Two key EVs to spearhead Renault’s reinvention plan

Renault is preparing for a wide-reaching overhaul and model blitz – and it’s pinning its revival hopes on two new electric SUVs and a renewed focus on C-segment models.

The French brand’s new partnership arrangement with Nissan, announced earlier this year, will lead to a more extensive sharing of platform, technology and production resources to boost efficiencies.

It will also result in Renault taking the strategic lead in Europe under new boss Luca de Meo, who has begun overhauling the brand’s product roadmap despite only starting his role in July. His aim will be to turn around a firm that recorded a £6.5 billion loss in the first half of 2020.

The fruits of these shared resources have already produced the CMF-EV platform, which made its debut on the newly unveiled Nissan Ariya electric large SUV. That platform will also provide the basis for further Renault and Nissan electric SUVs in the coming years.

Renault will spawn two models off the CMF-EV platform initially, with the first being a high-riding production adaptation of the Morphoz concept revealed in spring this year.

Although it’s tipped to be similar in length and width to the current Renault Kadjar, it will sit lower to the ground than that car, as the concept previously indicated. This is because of the greater need for aerodynamic efficiency as Renault pushes for the maximum possible EV range to ensure that the model can cover a higher percentage of customers’ car usage in Europe.

“We identified there was room below the Zoe but even more expectation above the Zoe,” said Renault’s electric vehicles boss, Gilles Normand. “People are realising that EVs are safe and enjoyable and can be taken on much longer trips than [early] EVs.”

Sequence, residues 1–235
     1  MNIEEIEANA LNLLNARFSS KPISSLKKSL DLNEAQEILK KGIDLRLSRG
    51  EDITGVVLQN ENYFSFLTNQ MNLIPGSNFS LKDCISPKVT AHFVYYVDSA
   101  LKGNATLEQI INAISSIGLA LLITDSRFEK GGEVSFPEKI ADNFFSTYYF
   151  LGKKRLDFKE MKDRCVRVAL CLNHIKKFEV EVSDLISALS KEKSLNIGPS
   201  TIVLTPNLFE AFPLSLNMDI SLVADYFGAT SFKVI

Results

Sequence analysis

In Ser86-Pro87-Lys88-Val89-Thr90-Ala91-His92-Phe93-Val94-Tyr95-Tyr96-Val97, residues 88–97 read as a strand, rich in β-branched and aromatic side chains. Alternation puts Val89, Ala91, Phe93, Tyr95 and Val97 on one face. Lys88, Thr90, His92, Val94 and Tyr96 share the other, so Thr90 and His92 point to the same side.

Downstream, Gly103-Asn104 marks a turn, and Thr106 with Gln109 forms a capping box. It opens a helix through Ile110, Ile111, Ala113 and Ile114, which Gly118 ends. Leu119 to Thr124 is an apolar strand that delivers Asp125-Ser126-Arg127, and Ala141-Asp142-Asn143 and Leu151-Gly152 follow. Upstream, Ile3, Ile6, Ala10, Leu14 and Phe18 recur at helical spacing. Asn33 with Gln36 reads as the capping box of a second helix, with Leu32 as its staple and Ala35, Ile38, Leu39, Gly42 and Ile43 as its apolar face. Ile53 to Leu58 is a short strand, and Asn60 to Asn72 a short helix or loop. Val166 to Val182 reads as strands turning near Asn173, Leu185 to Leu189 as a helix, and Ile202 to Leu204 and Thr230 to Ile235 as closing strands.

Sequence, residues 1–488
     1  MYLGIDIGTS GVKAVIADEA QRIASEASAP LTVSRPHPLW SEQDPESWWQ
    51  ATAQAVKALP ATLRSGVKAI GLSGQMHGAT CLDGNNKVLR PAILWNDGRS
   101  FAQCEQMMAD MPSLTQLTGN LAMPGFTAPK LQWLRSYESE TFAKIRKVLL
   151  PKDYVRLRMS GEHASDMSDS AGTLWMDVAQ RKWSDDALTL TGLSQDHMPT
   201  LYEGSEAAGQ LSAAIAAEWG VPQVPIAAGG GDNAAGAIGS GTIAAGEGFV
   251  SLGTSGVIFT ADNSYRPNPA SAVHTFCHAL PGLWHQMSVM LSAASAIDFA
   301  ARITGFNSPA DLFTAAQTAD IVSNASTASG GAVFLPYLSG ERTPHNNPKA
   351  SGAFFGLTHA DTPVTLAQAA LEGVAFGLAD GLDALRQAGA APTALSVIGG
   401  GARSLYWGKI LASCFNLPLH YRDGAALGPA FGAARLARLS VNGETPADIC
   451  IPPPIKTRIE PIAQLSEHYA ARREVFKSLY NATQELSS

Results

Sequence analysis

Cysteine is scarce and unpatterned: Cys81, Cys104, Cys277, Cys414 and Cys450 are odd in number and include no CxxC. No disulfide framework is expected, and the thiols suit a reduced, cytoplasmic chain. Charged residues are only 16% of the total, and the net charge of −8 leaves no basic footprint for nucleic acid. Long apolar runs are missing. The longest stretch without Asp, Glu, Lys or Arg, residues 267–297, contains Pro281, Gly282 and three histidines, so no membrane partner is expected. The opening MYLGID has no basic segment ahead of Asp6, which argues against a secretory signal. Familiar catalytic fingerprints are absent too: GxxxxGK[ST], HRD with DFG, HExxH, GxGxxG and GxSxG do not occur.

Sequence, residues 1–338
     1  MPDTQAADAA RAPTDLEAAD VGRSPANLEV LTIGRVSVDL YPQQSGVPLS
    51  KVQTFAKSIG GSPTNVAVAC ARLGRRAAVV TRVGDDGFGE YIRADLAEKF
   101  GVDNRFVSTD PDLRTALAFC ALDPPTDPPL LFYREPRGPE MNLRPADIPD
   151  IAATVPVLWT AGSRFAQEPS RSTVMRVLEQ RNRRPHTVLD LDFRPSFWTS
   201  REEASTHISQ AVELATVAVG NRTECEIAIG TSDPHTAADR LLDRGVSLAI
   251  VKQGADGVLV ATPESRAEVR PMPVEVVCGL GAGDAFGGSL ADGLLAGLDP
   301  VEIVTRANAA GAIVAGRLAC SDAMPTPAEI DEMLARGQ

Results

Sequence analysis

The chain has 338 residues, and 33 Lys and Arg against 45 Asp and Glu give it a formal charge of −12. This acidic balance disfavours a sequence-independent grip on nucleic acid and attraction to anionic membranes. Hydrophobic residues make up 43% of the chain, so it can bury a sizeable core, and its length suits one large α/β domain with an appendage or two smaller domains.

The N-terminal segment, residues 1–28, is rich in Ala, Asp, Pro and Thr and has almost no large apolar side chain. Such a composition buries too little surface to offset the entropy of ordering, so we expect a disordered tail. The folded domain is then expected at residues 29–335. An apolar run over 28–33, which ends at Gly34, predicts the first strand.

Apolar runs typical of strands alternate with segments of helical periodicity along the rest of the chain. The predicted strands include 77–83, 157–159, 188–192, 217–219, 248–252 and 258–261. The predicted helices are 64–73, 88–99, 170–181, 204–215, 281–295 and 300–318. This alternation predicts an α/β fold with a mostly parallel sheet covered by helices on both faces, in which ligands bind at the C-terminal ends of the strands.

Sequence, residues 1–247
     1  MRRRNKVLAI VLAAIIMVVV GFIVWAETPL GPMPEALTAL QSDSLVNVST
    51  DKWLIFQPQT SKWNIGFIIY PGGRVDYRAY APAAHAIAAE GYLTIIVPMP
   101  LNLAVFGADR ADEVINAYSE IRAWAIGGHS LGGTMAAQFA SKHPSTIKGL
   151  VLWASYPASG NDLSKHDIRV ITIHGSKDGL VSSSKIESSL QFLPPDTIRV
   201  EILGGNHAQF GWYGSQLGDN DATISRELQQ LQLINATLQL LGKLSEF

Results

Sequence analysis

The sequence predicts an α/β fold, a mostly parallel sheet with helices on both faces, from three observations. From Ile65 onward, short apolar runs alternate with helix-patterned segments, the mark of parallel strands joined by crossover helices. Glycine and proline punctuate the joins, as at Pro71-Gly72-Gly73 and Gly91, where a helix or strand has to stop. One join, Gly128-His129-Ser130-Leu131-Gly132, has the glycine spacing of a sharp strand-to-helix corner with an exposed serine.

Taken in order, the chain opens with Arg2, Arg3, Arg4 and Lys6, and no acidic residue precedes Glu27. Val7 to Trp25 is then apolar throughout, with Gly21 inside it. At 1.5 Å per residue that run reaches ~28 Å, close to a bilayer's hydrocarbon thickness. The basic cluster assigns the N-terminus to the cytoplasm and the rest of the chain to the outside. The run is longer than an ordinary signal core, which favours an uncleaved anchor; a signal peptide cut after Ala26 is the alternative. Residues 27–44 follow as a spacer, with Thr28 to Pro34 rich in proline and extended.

Normand cites a target range of up to 342 miles for such a model. Whether that’s achievable remains to be seen. The Ariya’s longest quoted range (for the 87kWh front-wheel-drive model) is 310 miles, and a similar-sized Renault would be unlikely to improve on that significantly.

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It remains to be seen if this school of thought will be transferred with de Meo (along with former Seat design boss Alejandro Mesonero-Romanos, who has followed the CEO) to Renault.

Autocar understands a plan was devised under previous management to turn Alpine into an all-electric performance halo brand. That would allow the wider Renault Group to showcase sporting aspects of electrification and compete with premium rivals.

With the decision resting on de Meo’s shoulders, some parallels can be drawn between such an idea and the formation of Cupra as a standalone brand while he was CEO of Seat. Cupra is designed to offer “premium performance” with a strong focus on electrification – and SUVs.

That thinking could be brought to Alpine to create a high-riding, sporting EV, which was already strongly hinted at during the brand’s rebirth in 2016.

Whether management can translate Alpine’s core values of driver appeal and, crucially, light weight to a battery-powered crossover model remains to be seen.